Powder Processing Inc.
306 Winding Brook Lane, Unit # 101
Bradenton, FL 34212
Phone: (631) 868-0102 - Fax: 941-567-5695
Cell: 516-637-2116 -
Email: rkkloss@aol.com

Consulting Services: We can help solve your most difficult powder processing problems!



Pharmaceutical Company Specializing in Eye CareProducts

Problem: The Company could not manufacture an active pharmaceutical product that met their specification using the active raw material being produced in its European plant.

Analysis: In reviewing the analytical test data for the raw material, I observed that the raw material producing out of specification finished product had a high level of very small particles that were interfering with the manufacturing process of the finished product.

Background: The manufacturing process for the raw material started with a reaction with the active material precipitating out of solution and then being filtered and vacuum dried. The dried active was milled in a hammer mill, mixed to obtain uniformity and then jet milled in two steps.

Solution: I found that the reaction/ precipitation process was out of control. The Company impemented my recommended changes to this part of their process. I found no problems with the hammer milling and blending steps but the jet milling was not in control. I changed the jet milling conditions for both steps in the procedure so that fewer fines were produced during the jet milling process.

Conclusion: The precipitation procedure was making particles that had a low density so they broke up too easily in the jet milling steps. By implementing my recommendations the dried particle was much more dense. The feeding rate of the volumetric feeder in the jet milling process varied from fast to slow depending on the amount of material in the hopper. I had them maintain a constant level in the hopper and I adjusted the feed rate for both jet milling steps in order to produce a raw material with a constant acceptable particle size distribution. With these changes, the Company was able to resume manufacturing acceptable finished product.

Nutraceutical Raw Material Company Supplying an Ingredient for Nutraceutical Tablets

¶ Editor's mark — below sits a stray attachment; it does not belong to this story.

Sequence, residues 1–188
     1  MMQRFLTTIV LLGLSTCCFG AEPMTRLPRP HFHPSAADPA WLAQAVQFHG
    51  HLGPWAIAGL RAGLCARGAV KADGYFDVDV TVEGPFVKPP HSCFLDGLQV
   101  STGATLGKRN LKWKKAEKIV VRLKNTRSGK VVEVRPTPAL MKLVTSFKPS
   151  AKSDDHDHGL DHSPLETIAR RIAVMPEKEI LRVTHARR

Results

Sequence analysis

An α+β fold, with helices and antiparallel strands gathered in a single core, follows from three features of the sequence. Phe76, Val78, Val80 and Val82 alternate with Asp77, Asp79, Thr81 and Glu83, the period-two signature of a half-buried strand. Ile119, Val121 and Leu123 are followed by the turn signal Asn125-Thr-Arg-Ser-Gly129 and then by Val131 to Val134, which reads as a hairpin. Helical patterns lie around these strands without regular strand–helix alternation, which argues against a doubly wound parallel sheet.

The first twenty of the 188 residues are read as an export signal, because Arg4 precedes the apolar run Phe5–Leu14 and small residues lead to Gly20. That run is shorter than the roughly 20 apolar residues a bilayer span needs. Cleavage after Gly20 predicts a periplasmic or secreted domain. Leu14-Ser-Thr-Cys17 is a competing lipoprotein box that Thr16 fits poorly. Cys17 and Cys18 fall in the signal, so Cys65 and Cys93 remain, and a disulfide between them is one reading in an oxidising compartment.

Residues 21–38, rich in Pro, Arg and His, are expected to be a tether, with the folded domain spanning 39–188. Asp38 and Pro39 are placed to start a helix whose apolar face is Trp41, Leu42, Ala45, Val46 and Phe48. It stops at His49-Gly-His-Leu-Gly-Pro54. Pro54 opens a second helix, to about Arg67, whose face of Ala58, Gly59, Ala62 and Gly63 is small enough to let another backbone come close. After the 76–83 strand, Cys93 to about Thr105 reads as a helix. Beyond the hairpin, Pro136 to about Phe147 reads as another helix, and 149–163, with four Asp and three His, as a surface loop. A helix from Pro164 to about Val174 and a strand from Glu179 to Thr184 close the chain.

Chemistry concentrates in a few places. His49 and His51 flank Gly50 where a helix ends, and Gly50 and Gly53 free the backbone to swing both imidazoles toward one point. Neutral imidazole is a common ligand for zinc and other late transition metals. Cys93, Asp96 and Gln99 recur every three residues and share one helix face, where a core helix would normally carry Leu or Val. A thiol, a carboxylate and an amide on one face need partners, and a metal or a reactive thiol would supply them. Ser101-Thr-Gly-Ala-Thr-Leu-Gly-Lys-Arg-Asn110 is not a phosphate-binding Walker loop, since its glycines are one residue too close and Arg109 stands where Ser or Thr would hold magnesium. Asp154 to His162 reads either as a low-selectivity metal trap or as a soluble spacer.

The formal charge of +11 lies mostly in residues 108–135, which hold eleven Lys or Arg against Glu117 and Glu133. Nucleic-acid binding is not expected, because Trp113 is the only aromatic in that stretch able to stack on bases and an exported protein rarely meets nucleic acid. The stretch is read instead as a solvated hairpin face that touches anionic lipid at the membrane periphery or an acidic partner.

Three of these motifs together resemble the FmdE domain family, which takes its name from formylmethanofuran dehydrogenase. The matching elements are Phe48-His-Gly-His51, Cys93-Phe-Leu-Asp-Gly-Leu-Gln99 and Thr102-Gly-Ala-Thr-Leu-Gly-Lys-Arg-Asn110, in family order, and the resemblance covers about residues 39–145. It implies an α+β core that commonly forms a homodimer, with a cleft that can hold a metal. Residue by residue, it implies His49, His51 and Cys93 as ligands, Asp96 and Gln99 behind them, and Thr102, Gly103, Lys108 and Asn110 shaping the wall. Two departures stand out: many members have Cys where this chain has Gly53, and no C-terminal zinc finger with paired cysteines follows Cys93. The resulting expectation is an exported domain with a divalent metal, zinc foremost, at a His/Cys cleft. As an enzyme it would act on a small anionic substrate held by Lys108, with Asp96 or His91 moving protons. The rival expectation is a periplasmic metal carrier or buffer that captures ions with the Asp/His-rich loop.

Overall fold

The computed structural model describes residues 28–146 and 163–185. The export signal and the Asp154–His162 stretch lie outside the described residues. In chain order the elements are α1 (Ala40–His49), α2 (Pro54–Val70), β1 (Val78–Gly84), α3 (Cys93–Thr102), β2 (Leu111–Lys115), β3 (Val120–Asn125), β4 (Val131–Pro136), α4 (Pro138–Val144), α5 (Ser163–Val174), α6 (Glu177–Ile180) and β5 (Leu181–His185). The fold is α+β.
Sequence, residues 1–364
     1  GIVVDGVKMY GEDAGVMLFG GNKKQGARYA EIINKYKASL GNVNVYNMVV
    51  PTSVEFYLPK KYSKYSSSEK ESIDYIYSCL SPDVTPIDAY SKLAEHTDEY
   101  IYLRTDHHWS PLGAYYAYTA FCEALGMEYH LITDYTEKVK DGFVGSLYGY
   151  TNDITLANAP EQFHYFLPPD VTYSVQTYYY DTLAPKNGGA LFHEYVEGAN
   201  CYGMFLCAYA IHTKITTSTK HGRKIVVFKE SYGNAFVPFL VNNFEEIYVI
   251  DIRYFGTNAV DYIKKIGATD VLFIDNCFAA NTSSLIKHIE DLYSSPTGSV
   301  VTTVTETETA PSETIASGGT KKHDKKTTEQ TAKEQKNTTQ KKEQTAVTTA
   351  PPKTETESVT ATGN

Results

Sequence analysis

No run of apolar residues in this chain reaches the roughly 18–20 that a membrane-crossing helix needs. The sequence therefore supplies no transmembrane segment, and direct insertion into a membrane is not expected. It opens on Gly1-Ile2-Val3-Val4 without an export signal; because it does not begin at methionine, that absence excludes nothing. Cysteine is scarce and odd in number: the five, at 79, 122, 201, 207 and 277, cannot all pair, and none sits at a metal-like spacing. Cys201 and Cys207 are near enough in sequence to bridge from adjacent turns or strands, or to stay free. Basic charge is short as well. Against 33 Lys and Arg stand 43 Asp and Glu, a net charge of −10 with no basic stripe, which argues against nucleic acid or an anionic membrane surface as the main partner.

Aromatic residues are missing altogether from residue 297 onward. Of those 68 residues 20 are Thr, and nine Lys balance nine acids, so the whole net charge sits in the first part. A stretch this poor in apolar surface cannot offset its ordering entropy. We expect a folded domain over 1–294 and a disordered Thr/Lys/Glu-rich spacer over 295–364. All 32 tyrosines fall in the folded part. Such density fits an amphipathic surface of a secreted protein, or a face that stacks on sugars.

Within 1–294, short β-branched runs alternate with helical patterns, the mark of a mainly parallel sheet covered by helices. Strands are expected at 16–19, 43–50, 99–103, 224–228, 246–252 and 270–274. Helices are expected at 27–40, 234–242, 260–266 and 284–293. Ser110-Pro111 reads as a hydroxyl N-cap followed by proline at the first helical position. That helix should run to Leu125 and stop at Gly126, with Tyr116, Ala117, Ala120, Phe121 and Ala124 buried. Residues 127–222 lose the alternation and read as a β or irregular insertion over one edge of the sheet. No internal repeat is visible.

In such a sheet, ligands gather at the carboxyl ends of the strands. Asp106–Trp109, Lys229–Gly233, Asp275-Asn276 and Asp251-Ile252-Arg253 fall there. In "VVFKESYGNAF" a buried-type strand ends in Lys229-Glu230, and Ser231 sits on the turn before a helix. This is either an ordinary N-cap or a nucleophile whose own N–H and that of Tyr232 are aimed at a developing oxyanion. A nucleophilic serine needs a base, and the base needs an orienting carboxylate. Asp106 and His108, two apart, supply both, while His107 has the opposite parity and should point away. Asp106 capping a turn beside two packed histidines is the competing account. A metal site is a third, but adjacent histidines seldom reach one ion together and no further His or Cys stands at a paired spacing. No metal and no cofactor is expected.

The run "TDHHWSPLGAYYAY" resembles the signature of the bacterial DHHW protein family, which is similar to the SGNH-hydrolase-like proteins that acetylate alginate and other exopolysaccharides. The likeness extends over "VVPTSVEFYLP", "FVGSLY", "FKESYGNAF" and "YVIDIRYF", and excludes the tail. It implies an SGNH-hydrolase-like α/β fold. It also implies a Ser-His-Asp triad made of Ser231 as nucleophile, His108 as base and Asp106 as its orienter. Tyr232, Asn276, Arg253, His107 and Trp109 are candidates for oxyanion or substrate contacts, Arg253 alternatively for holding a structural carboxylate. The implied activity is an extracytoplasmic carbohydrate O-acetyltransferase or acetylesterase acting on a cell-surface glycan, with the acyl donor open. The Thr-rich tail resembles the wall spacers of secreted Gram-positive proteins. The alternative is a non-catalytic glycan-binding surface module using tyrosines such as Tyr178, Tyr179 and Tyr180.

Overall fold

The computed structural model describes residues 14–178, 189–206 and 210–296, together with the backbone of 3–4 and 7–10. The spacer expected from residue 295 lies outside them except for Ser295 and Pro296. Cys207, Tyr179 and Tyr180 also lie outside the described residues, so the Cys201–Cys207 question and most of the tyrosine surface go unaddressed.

Problem: The raw material is a natural ingredient made from berries grown in the rain forest. The final product was spray dried but the resultant material did not meet specifications with respect to bulk density. This resulted in problems manufacturing the tablet on high speed tablet presses.

Analysis: Spray drying a natural berry product with a high glucose content is a problem due to the dried product becoming sticky. I observed that the raw material company was only measuring bulk density. When I additionally measured the raw material's particle size distribution, I found that the raw material contained too many small particles.

Background: The berries are picked in the Brazil rain forest and processed in Peru. The berries are homogenized with water to form a solution that is high in Vitamin C with a high glucose content. To spray dry this material it is necessary to add maltodextrins to the solution as a carrier in the spray drier. The company doing the spray drying had large spray driers but did not have a strong technical staff.

Solution: I observed that the spray drying company was using substantially less maltodextrins than normally used and recommended for this type of product so I increased the amount of maltodextrins in the formula slightly. This change gave the plant more flexibility with respect operating conditions. The company is using a disc spray nozzle to atomize the liquid. I had the company slow down the disk speed (rpm) but due to mechanical limits with their speed control this was not sufficient so I also had the company slow down the liquid feed rate. These changes increased the products particle size and brought the bulk density into specification. Since Vitamin C decomposes with heating, I had to lower the inlet air temperature because the particles now spent more time in the drier.

Conclusion: The changes that I implemented resulted in a product with a bulk density and particle size distribution that could be manufactured in high speed tablet presses. While the Peruvian spray drying company has good equipment and follows good manufacturing procedures they did not have the knowledge that allowed them to change manufacturing conditions.